Dr337 The Valleberga Runestone

On this Brexit Day when Great Britain is officially leaving the European Union, I give you Dr 337, also known as the Valleberga Runestone (Vallebergastenen). The inscription on this runestone shows that we are all connected in what is today Europe, and that we have been connected for over a thousand years.

Dr 337 Vallebergastenen | The Boomerang

Dr 337, the Valleberga Runestone (Vallebergastenen). Source: Riksantikvarieämbetet, Kulturmiljöbild (http://kmb.raa.se/cocoon/bild/show-image.html?id=16000300013212)

The inscription on the stone reads:

Sven and Torgöt made these memorials after Manne and Svenne. God help their soul well. And they lie in London. (My translation)

Sven och Torgöt gjorde dessa minnesmärken efter Manne och Svenne. Gud hjälpe väl deras själ. Och de ligger i London. (Raa translation)

Swen auk Þorgøtr gærðu kumbl þæssi æftiR Manna auk Swena. Guð hialpi siöl þera wæl; æn þer liggia i Lundunum. (Old Norse transcript)

The style of the runic inscription is interesting. The text looks like the RAK style, which consists of bands of runic text that meander across the surface of the stone. But, the RAK style is not known to include any decorations, and this runestone has a cross carved on it. The RAK style has been dated to c. 980–1015, but because of the cross, the dating of this particular runestone has been pushed forward to c. 1050.

We don’t know the exact identity of the men mentioned on the runestone. However, there are some clues that we can glean from the inscription.

First of all the runestone was made in memory of two men who lay buried in 11th century London. The two men who commissioned the runestone, Sven and Torgöt, were Christians. Manne and Svenne were probably Christians as well, but we don’t know that for certain. Runestones were commonly raised over family members or very close friends. Some runestones explain the relationship between the commissioner(s) and the person(s) commemorated. This is not the case with Dr337.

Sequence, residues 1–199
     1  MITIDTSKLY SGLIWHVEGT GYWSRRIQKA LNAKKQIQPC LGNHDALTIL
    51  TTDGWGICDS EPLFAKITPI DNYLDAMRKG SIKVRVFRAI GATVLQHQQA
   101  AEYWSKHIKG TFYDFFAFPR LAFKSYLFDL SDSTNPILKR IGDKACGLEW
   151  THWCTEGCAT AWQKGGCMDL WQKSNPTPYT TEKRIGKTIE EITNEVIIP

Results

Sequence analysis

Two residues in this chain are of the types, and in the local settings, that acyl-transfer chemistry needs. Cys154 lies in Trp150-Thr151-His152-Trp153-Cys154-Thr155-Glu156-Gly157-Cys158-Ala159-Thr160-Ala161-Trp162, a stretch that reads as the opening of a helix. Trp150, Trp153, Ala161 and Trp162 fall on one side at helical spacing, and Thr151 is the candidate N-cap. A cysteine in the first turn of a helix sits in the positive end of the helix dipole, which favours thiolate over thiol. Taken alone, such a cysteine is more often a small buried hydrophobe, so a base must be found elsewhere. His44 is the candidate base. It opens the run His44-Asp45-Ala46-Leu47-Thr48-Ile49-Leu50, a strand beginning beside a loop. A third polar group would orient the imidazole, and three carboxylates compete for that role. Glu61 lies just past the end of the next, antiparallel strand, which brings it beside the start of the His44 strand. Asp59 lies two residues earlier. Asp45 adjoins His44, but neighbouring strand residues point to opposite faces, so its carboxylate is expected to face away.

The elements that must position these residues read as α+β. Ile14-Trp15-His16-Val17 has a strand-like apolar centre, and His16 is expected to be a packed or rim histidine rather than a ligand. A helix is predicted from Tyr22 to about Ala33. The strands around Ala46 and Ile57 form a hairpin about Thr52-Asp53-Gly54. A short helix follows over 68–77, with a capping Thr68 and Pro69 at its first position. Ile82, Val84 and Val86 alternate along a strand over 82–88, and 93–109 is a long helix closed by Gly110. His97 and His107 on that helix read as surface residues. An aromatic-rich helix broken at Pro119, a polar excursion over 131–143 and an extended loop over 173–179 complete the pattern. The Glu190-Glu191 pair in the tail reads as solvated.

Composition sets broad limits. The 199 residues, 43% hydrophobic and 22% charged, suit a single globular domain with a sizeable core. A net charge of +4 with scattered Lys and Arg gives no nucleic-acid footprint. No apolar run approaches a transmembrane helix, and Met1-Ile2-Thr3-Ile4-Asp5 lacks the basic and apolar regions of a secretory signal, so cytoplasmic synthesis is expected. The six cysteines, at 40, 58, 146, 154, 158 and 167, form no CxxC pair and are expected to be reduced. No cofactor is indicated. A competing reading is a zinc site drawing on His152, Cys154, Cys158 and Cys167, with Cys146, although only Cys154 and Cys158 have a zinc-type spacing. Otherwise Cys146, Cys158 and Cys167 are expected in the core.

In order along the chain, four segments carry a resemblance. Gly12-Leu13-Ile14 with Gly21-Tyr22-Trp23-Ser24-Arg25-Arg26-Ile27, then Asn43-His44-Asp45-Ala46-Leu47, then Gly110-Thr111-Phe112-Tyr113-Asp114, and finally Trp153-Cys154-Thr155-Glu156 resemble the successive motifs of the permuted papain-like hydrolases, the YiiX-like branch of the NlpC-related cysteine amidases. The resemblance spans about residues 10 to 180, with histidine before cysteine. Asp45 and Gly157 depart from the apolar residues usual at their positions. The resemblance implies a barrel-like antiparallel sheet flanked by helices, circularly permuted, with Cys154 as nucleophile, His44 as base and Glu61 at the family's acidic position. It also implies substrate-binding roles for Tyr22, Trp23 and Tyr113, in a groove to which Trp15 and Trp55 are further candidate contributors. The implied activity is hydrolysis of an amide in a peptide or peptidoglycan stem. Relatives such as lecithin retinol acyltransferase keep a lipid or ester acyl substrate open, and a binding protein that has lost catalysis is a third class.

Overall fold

The runestone was made in and currently stands in the south-Swedish region of Scania (Skåne). At the time of the stone’s creation, Scania was part of the Danish sphere of influence. Based on this evidence, scholars believe that Manne and Svenne were two of the warriors who made up the Scandinavian defense force of England created by Danish king Cnut the Great after he became king of England in 1035. England’s close ties with Scandinavia were severed after the Norman Conquest in 1066.

We need to keep in mind, though, that the story of Manne and Svenne as Scandinavian defenders of the Danish kingship over England is based on circumstantial evidence and conjecture. It could very well be that they were Viking raiders who sailed to England and died in London, either in battle or from some other cause.

Regardless of who Manne and Svenne really were, the Valleberga Runestone demonstrates the close ties between the different parts of Europe that have been ongoing for more than a thousand years.

Sources:
The Swedish National Heritage Board/Riksantikvarieämbetet, Kulturmiljöbild, Dr 337 Vallebergastenen.
Vallebergastenen.
Runstensstilar.

In the words of my friend, the Australian, I shall return.

 

 

10 Things You Need to Know about the Luttrell Psalter

On September 29, 2016, I published the following post on Book Riot.

10 Things You Need to Know about the Luttrell Psalter

2016-09-22_1858

The Luttrell Psalter is one of the most famous manuscripts from medieval England because of the images that decorate its pages. Some of these images have been interpreted as the most accurate portrayals of medieval rural life while others seem to make no sense at all.